Almost all of the elevation gain is in the last 2.5 miles with a never ending uphill feel. It’s steep with few switchbacks and lots of roots/ rocks. You’ll pass a couple waterfalls visible just off trail and then reach a signed fork in the trail. Stay left for Colchuck Lake. 

From this fork it is another 1.5 miles. The trail almost immediately crosses another bridge into a boulder field and then continues its uphill onslaught to the end. There are plenty of great break spots however with one that faces incredible views of the valley you’ve been climbing out of and nearby peaks. Take your time and enjoy the journey. 

Eventually the trail will level out and you’ll catch glimpses of the lake but it takes some meandering to find a spot to get down to the shoreline. Even if the lake is busy, do some exploring and you’ll likely find some quiet shoreline to hang out and enjoy the views.

A note on crowds

The trail didn’t feel busy at all to us on the way up and even right around the lake where we were closest to the trail didn’t feel all that busy. On our way down however it was packed and we past constant groups of ill prepared hikers and families making their way up. Start your hike early if you’d like to enjoy the peace and beauty of this spot.

A note on swimming

Pack a swimsuit as well. We spent around 1.5-2 hours eating lunch, taking photos, and swimming. The water was the warmest of any alpine lake I’ve felt. I even had no problems sitting up to my waist for 30 minutes in the sun and when I hopped in to swim, there was little of that tell tale “take your breath away” cold. I paddled around some time enjoying the perfect swimming conditions before drying off and starting our hike down. 
*That being said, the water was definitely still COLD. Just not AS COLD as other alpine lakes. It still might not be your cup of tea. 

In summary

Colchuck Lake was one of my top favorite hikes we did. While it was a butt kicker, the scenery along the trail was beautiful and adventurous and the lake at the end was easily the coolest lake I’ve hiked into. Let me know in the comments what you think of this incredible lake and hike! 

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Trail Guide to Heybrook Lookout

If you are driving to the Enchantments area or heading out to chill around the charming town Leavenworth, this little hike to Heybrook lookout is a very worthy stop. It’s short (albeit pretty steep), has incredible views along with a historic lookout to explore, and will break up the drive from Seattle nicely. Bonus is how close it is to river fun so you can hike in the morning and tube or soak by the river in the warmer afternoon. 

Trail Details:

Distance: 2.5 miles RT
Elevation Gain: 900 feet
Difficulty: Easy- Moderate
Time: 1-2 hours
Fees: FREE
Facilities: None at the TH. There is a pit toilet down the ridge from the lookout at the end of the hike. Bring your own TP. Bring your own water.

Trail head directions:

The trail head is right highway 2 just past the small town Gold Bar,WA. If you are heading East, the parking area will be on your left and is a small gravel area just wide enough for cars to park directly in (vs parallel parking on the shoulder). The actual trail start is on the West side of the parking area and is marked with a small trail sign a few feet back into the trees. There are NO facilities at this trail head so plan your pit stop prior.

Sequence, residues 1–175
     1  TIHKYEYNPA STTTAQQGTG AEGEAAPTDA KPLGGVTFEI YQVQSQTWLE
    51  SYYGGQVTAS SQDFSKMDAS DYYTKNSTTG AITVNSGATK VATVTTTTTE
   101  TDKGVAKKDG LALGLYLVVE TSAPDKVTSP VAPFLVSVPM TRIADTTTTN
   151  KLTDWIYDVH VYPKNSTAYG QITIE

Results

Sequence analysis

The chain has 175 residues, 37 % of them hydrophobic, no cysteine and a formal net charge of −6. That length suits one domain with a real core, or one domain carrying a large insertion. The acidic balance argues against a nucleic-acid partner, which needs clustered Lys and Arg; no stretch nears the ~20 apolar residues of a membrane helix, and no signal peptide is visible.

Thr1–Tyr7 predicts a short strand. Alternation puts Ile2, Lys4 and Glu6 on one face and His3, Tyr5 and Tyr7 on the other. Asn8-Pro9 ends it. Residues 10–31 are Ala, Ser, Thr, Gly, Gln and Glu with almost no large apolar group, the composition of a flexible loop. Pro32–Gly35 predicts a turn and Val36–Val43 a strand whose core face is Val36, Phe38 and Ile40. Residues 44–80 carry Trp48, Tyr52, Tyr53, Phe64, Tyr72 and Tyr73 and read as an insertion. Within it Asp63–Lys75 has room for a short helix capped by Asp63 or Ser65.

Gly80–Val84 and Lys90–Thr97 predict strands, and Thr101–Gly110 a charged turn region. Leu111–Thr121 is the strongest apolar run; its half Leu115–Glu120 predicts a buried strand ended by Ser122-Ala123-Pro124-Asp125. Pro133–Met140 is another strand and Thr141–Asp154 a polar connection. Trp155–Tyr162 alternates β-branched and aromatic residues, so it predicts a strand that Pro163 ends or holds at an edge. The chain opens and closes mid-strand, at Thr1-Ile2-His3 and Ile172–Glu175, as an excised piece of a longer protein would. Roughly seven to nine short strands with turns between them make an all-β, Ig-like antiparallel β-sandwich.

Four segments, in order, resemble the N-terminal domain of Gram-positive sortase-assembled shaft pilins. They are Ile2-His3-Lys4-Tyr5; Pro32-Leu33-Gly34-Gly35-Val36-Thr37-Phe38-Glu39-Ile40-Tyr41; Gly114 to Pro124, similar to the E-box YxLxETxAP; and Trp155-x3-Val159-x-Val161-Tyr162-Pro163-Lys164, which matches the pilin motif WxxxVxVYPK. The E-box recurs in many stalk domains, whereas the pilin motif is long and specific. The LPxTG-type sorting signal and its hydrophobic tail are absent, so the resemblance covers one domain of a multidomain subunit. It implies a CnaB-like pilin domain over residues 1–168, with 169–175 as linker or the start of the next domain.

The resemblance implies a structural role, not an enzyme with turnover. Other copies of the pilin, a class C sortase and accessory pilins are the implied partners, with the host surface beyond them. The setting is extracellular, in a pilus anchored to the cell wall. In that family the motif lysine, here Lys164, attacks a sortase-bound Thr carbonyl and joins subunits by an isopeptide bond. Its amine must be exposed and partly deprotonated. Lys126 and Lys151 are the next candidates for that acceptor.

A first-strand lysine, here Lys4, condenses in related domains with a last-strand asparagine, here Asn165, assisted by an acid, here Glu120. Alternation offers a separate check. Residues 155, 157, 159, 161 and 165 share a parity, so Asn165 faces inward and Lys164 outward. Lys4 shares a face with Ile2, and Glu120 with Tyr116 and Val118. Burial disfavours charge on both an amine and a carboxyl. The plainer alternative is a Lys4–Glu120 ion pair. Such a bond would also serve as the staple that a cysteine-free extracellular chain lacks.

About Heybrook lookout

The lookout is one of the last lookouts in WA, (106 remain) and one of the few that can both be entered and reserved for sleeping in! It’s situated on a scenic ridge with outstanding views of the surrounding valleys and nearby Mount Persis and Mount Index. There have actually been a number of lookouts in this location prior to the current Heybrook lookout. Each time the lookouts were built a little taller with the current lookout finished with construction in 1965. The present lookout is around 67 feet tall and is open to the public up to the observation deck- 89 steps up. 

Spend the night in the lookout:

Heybrook lookout is one of the few Washington lookouts you can actually reserve for the night! It was unfortunately booked out for our trip but it looks beautifully renovated and is quite private as the rest of the public hikers can only hike to the deck below the lookout’s rooms. (You get a key from the forest service before you start hiking) The lookout reserves quickly and is released on a rolling 6 month basis. Check here for more information or to check for availability. 

We wish we could’be spent the night or “hungout” longer at the lookout

About our hike:

We started our hike in the late afternoon on a Saturday in August. There were only 5-6 cars parked in the parking area and for a weekend and easy hike, we didn’t think the trail was very busy at all. It parallels the the road for a brief moment before turning sharply and heading up the hill in a series of switchbacks. While you can hear the road for the first 10-15 minutes or so you eventually leave it all behind and find yourself in a mossy forest with little bits of sunlight trickling through.

I learned quick on this, our first hike in WA, the sunscreen I bought was going to go to waste or just coming home with us. (foreshadowing: almost all the hikes we did were in the trees 80% of the way) 

The trail is made up of a couple long switchbacks and overall very well graded. It’s a good workout, but never felt too challenging like you might lose your footing and slip. We had bonus origami cranes to amuse us as well on the climb as someone had hung strands of them every 0.25 mile or so.